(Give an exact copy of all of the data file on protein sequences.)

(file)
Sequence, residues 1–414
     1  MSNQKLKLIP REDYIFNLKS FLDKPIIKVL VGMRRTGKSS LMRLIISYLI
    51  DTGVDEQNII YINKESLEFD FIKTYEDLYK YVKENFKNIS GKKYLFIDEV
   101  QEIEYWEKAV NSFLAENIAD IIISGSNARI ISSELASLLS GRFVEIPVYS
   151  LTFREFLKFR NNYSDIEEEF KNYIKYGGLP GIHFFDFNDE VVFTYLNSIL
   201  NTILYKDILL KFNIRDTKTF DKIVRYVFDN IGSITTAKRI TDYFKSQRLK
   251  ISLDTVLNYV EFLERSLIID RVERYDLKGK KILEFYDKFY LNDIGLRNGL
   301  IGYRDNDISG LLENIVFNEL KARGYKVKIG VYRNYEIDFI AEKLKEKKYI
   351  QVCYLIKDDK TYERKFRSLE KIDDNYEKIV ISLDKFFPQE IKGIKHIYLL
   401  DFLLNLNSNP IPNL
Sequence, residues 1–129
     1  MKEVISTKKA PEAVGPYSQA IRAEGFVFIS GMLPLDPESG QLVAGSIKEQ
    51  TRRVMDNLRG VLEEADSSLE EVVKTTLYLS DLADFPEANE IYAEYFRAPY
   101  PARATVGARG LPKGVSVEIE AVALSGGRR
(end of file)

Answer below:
Sequence, residues 1–414
     1  MSNQKLKLIP REDYIFNLKS FLDKPIIKVL VGMRRTGKSS LMRLIISYLI
    51  DTGVDEQNII YINKESLEFD FIKTYEDLYK YVKENFKNIS GKKYLFIDEV
   101  QEIEYWEKAV NSFLAENIAD IIISGSNARI ISSELASLLS GRFVEIPVYS
   151  LTFREFLKFR NNYSDIEEEF KNYIKYGGLP GIHFFDFNDE VVFTYLNSIL
   201  NTILYKDILL KFNIRDTKTF DKIVRYVFDN IGSITTAKRI TDYFKSQRLK
   251  ISLDTVLNYV EFLERSLIID RVERYDLKGK KILEFYDKFY LNDIGLRNGL
   301  IGYRDNDISG LLENIVFNEL KARGYKVKIG VYRNYEIDFI AEKLKEKKYI
   351  QVCYLIKDDK TYERKFRSLE KIDDNYEKIV ISLDKFFPQE IKGIKHIYLL
   401  DFLLNLNSNP IPNL
Sequence, residues 1–129
     1  MKEVISTKKA PEAVGPYSQA IRAEGFVFIS GMLPLDPESG QLVAGSIKEQ
    51  TRRVMDNLRG VLEEADSSLE EVVKTTLYLS DLADFPEANE IYAEYFRAPY
   101  PARATVGARG LPKGVSVEIE AVALSGGRR